Here There and Everywhere - when I was little, my exposure to Beatles music was the limited collection on the Red and Blue greatest hits albums and whatever songs were featured in the Beatles cartoons. Imagine hearing this soft romantic ode for the first time as a lovelorn 17-year-old. It was like getting knocked over by the world's largest heart-shaped box of candy. Standing under an avalanche of rose petals. Slo-mo rom-com climax montage. This song redefined love songs and romance in general. So soft, it's easy to get swept away with the simple melody. When I'm ready for a new artistic/dramatic, I may propose this song as a way to get in touch with my girly side.

Hey Bulldog - This song is so much fun, a beer parlor romp with banging piano, a cool song buried on the Yellow Submarine album, a song that was cut from the cartoon movie in the United States. I used to play this song as a lead-in for my newscasts and sports report when I was a DJ at Ferris. Glad the DVD version of the movie is not only cleaned up, but now includes the 4-headed bulldog going nuts.

I Feel Fine - another entry from my favorite Beatles era, the Help!/Rubber Soul/Revolver years. Groovy little reverb opens it up, and then we have those amazing harmonies and a little high hat/drum groove in the middle bars.

In My Life - tender, reflective, heartfelt and sad. It's my funeral song.

It's Only Love - Important to note that it's the Anthology 2 version I like, and not the one on the Help! soundtrack. One of producer Sir George Martin's missteps of over-production. Lennon's stripped down version is simple, with just him and a guitar. His vocals are raw, emotional, and much more powerful.

Matchbox - bluesy cover sung by Ringo. Makes me wonder what he could have done with some of the Beatles later work from the White album.

Norwegian Wood - guitar plus sitar and Lennon's voice like honey. I had absolutely no idea this song was about an illicit affair, and at 7, wouldn't have known what an illicit affair was.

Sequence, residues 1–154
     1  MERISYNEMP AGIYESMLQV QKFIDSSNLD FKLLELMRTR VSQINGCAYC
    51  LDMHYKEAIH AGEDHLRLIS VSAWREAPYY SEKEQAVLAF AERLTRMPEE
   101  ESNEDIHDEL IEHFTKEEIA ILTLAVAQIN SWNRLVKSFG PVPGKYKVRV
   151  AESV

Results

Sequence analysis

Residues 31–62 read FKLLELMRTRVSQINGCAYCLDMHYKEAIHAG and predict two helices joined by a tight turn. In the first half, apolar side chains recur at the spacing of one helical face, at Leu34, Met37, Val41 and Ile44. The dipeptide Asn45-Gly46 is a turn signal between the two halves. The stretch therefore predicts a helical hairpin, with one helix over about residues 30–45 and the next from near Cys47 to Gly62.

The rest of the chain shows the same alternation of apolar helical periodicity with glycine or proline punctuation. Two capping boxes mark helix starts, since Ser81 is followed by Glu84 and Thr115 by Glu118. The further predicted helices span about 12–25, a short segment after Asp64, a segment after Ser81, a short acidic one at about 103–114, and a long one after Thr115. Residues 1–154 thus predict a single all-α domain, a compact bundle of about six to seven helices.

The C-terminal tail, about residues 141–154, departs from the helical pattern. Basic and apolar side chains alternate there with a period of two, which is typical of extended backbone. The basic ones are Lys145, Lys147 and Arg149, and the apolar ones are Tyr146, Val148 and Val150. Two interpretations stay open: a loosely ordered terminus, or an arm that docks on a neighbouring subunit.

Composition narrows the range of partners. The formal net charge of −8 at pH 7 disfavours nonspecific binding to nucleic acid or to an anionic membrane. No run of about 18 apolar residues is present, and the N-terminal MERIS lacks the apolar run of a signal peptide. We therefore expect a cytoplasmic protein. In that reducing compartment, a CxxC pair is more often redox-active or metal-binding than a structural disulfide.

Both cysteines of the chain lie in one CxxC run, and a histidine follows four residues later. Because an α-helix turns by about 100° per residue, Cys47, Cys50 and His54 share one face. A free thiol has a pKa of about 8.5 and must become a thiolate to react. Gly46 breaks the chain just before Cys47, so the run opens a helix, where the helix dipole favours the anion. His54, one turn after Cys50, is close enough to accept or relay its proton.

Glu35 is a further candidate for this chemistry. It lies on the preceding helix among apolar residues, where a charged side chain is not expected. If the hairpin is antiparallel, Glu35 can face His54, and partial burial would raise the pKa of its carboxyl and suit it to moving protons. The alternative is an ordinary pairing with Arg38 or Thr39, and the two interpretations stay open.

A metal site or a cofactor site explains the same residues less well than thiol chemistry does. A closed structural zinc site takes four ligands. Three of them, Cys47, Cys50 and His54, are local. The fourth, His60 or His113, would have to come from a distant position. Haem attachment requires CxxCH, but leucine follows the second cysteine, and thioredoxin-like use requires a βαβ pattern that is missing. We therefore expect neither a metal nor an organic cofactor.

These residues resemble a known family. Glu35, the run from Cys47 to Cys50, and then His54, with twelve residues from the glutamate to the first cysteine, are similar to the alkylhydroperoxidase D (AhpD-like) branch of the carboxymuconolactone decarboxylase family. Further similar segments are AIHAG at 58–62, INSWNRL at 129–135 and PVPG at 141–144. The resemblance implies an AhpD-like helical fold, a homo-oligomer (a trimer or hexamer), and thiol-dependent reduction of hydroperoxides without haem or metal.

Nowhere Man - again with the honeyed Lennon vocals and rich harmonies. I say that my favorite album is Revolver, but thus far, Rubber Soul is coming up the winner. Hmm....

Oh! Darling - McCartney's vocal gymnastics turns this into one torchy song. Dead ass sexy.

Paperback Writer - Great energy in this song, think this was produced between Rubber Soul and Revolver. The clackity-clack typewriter backdrop is a great frame for the tale of a pulp fiction writer.

She's a Woman - featured in the movie Help! another bluesy McCartney tune. I don't think Oh Darling could exist without this one first.

Something - Shall I revisit 1987 again and tell you what this song does to a 17 year old's libido? What kind of cultural revolution in rock ballads happened in 1969 once this hit the airwaves? Bravo George, bravo.

Taxman - George Harrison opens Revolver with a sneer and a delivers the rebellion that rock and roll promises. The Verve Pipe, a local band that made good on the national scene a few years back, did a cover of this song back when they were a college band.

Things We Said Today - a passive, art house/coffee shop/beatnik entry by McCartney from A Hard Days Night. I love the musical progression in the song, from subtle to urgent.

Til There Was You - a cover of the song from The Music Man, one that I sang along to at a theater production. Appears it is a favorite of my husband's as well.

Tomorrow Never Knows - Good Lord, what was Lennon smoking when he dreamed this up? The answer is a big, fat doobie. To think he went from sweet pop songs to singing from the Tibetan Book of the Dead. Oh thank God the original boy band was allowed to grow up and produce crazy shit like this.

Two of Us - from Let it Be, I've heard differing stories on the origins of this song. Some say it was written early in the Beatles career, and just now I'm reading Paul wrote it for Linda. The one story I've heard straight from McCartney is the song always reminds him of when he and John shared a microphone and were "eyeball to eyeball, like the Everly Brothers."

While My Guitar Gently Weeps - I know Eric Clapton was the guest lead guitarist on this song, but he is merely a foil to the genius Harrison displays in this song. It should be known this is the first song my son ever heard and his response to it is nothing less than joyous.